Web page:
Arn Anderson Explains Why WCW Banned Blood In The Early '90s

When you think about professional wrestling in the 1990s, a number of things come to mind. You might think of specific superstars like "Stone Cold" Steve Austin, Sting, Rob Van Dam, The Rock, and Diamond Dallas Page. Or maybe factions like DX or the NWO dominated that era for you. But no matter what side of the "Monday Night Wars" you fell on, it seemed like every promotion featured one thing — blood. 

If there was a hot feud during the Attitude Era, there's a good chance that it would end in a bloody battle. However, there was a period of time in the early part of the decade when Ted Turner put a moratorium on "juicing" in his territory.

During the latest episode of "ARN," he discussed the use of blood in wrestling. After all the epic battles he fought alongside The Four Horsemen, "The Enforcer" probably knows better than anybody that bleeding has always been a part of the business. On any given night when he would be in Flair's corner, his stablemate might have looked like he'd lost a gallon of blood. But as Anderson puts it, "you shouldn't bleed in some cases as often as they do."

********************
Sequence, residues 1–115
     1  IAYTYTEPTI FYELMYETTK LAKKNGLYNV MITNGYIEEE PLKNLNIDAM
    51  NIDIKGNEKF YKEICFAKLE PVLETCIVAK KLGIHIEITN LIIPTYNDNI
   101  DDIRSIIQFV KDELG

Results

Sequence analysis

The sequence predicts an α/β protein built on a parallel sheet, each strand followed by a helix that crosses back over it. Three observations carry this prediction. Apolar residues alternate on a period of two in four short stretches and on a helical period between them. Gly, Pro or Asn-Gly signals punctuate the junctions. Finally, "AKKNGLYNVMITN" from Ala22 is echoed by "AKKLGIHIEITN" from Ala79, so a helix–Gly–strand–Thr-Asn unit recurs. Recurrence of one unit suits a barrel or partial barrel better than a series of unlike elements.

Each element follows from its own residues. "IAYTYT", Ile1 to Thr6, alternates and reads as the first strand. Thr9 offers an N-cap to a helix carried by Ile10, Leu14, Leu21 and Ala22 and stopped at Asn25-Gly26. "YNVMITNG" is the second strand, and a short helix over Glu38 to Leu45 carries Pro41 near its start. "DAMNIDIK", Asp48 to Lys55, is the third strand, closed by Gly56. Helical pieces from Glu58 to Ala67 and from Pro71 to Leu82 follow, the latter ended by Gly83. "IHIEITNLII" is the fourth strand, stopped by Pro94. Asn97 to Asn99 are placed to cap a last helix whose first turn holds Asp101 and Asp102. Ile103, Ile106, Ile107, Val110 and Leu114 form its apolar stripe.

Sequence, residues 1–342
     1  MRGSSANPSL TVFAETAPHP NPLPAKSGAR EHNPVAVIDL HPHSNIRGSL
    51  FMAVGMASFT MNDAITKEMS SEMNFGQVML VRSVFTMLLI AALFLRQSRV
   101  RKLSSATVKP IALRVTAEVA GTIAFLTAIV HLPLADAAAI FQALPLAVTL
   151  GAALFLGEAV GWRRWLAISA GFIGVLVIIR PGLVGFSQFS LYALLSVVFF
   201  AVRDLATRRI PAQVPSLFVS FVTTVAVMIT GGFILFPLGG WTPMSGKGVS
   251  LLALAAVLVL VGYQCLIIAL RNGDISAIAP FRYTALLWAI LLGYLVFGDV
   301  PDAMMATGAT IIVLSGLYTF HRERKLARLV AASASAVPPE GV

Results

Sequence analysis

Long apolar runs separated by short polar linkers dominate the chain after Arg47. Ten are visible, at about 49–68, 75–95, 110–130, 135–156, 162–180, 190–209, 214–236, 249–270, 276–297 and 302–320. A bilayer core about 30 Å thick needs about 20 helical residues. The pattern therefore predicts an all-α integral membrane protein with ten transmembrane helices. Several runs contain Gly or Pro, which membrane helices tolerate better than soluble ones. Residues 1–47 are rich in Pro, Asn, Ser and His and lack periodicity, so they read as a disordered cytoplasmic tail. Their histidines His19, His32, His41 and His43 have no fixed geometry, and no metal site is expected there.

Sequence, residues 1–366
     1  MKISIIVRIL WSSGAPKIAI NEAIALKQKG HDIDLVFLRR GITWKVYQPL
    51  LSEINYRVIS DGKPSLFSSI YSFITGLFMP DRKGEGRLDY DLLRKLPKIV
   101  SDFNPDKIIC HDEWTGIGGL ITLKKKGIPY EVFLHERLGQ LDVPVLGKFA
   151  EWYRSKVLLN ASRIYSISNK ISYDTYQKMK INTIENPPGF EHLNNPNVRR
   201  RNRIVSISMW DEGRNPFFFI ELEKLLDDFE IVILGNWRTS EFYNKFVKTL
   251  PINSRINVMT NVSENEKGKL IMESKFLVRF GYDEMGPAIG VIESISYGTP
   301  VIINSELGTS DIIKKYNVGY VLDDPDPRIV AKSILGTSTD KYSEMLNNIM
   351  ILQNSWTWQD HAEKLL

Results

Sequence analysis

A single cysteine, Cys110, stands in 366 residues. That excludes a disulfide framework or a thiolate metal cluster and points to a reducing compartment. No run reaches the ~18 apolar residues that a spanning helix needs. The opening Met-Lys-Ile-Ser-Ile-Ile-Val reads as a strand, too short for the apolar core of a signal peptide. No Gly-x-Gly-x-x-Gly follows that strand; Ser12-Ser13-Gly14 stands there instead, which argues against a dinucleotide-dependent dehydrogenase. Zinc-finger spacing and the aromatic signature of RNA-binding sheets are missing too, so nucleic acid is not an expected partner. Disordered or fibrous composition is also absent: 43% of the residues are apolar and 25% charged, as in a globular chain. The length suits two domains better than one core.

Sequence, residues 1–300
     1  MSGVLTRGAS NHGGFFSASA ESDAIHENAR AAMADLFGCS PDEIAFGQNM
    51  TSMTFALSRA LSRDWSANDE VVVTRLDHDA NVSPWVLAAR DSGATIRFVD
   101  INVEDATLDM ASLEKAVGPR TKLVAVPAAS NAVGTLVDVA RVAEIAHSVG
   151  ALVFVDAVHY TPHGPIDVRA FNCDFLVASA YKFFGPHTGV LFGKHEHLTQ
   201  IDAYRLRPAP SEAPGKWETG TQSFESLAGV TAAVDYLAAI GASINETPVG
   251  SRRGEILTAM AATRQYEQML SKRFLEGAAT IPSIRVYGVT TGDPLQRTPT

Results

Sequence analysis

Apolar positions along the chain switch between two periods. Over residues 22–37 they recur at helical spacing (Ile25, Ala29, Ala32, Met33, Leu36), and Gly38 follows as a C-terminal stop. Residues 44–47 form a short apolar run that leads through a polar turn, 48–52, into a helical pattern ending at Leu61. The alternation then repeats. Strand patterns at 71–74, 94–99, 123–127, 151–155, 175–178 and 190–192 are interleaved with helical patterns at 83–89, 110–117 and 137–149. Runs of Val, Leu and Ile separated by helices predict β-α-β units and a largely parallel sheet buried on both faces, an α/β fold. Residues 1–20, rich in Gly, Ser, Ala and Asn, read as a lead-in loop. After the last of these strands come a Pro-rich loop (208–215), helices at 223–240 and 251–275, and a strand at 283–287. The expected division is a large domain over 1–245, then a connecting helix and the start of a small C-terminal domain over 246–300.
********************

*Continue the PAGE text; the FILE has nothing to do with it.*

That was a sentiment shared by World Championship Wrestling owner Turner in the early '90s. Despite being ever present in the sport (and contact sports in general), the world was more conscience of blood at the time since the world was at the height of the AIDS epidemic. So in an effort to keep his roster safe, WCW banned blood spots.

Of course, this ruling didn't stick as there's no shortage of bloodstained affairs from the company on Peacock from the years that followed.